Why KCR’s domicile stunt is dangerous for Indian Union’s integrity
Domicile means a place which a citizen voluntarily decides to reside with an intention to make that place a permanent home. So how does domicile differ from nationality? When a country grants you citizenship, can a state within that country decide domicile status?
Fundamental Rights as enshrined in our Constitution guarantee Right to equality, including equality before law, prohibition of discrimination on grounds of religion, race, caste, gender or place of birth, and equality of opportunity in matters of employment. Also, the Right to freedom which includes speech and expression, assembly, association or union or cooperatives, movement, residence, and right to practice any profession or occupation.
These Fundamental rights for Indians have been aimed at overturning the inequalities of pre-independence social practices. Specifically, they have also been used to abolish untouchability and thus prohibit discrimination on the grounds of religion, race, caste, sex, or place of birth. They also forbid trafficking of human beings and forced labour. They also protect cultural and educational rights of ethnic and religious minorities by allowing them to preserve their languages and also establish and administer their own educational institutions.
There are three main categories or classes of domicile in India:
A) Domicile of Origin-
B) Domicile of Choice-
C) Domicile by law.
“Domicile of origin” is the domicile which each person has at birth i.e. the domicile ofhis father or his mother.
“Domicile of choice” is the domicile which a person of legal age is free to acquire in substitution for that which he presently possesses.
All the same, the concept of domicile, as discussed above, acquires importance only when within a country there are different laws or more precisely, different systems of laws are operating. Right from Kashmir to Kanyakumari and from Rann of Kutch in the west to the east in Arunachal Pradesh, there is one system of law, which is being followed.
Therefore, there has to be only one “domicile” in India. Each citizen of this country carries with him or her, one single domicile which is the “Domicile of India”. The concept of regional or provincial domicile is alien to Indian ethos and culture.
Article 5 of the Constitution is clear and explicit on this point and it refers only to one domicile, namely, “domicile in the territory of India.”
Moreover, it must be remembered that India is not a federal State in the traditional sense of that term. It is not a compact of sovereign States which have come together to form a federation by ceding a part of their sovereignty to the federal State. It has undoubtedly certain federal features but it is still not a federal State and it has only one citizenship, namely, the citizenship of India. It has also one single unified legal system which extends throughout the country.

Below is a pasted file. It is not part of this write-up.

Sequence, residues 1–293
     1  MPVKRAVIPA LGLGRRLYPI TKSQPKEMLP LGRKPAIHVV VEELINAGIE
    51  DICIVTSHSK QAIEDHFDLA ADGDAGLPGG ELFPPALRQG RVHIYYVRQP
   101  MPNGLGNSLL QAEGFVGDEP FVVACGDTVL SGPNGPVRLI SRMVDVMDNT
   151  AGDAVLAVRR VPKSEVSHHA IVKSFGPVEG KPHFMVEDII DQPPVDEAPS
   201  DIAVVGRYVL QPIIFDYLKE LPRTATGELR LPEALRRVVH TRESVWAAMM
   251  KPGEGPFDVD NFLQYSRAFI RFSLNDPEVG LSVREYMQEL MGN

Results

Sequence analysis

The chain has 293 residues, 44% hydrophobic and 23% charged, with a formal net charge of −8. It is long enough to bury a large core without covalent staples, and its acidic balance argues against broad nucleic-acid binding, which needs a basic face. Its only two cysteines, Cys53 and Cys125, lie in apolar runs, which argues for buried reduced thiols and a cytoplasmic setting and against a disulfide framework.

It’s a common misconception of the various state governments to use the term ‘domicile’ when what they actually intend to state is ‘permanent residence’.
The concept of domicile if used for a purpose other than its legitimate purpose may give rise to lethal radiations which may in the long run tend to break up the unity and integrity of the Indian State.
India is one nation and there is only one citizenship, namely, citizenship of India, and every citizen has a right to move freely throughout the territory of India and to reside and settle in any part of India, irrespective of the place where he is born or the language he speaks or the religion which he professes, and he is guaranteed freedom of trade, commerce and intercourse throughout the territory of India and equal protection of the law with other citizens in every part of the territory of India.
However, in the last few years, owing to the emergence of narrow parochial loyalties fostered by interested parties with a view to gaining electoral advantage for themselves, a serious threat has developed to the unity and integrity of the nation and the very concept of India as a nation is in peril.
The threat is obtrusive at some places while at others it is still silent and is masquerading under the guise of apparently innocuous and rather attractive claptrap—the latest being the one put forward by Telangana Chief Minister, K. Chandrashekhar Rao.
The reason is that when the Constitution came into force, we took the spirit of nationhood for granted and paid little attention to nourish it, unmindful of the fact that it was won with enormous struggle. We allowed dangerous demands like ‘sons of the soil’ (sic)to develop claiming special treatment on the basis of residence in the concerned State. We allowed this because recognizing and conceding such demands had a populist (read: vote bank) appeal. The result is that ‘sons of the soil’ claims, though not altogether illegitimate if confined within reasonable bounds, are breaking asunder the unity and integrityof the Indian nation by fostering and strengthening narrow parochial loyalties based on language and residence within a State.
(The author is a former Income Tax officer and member of the BJP National Executive)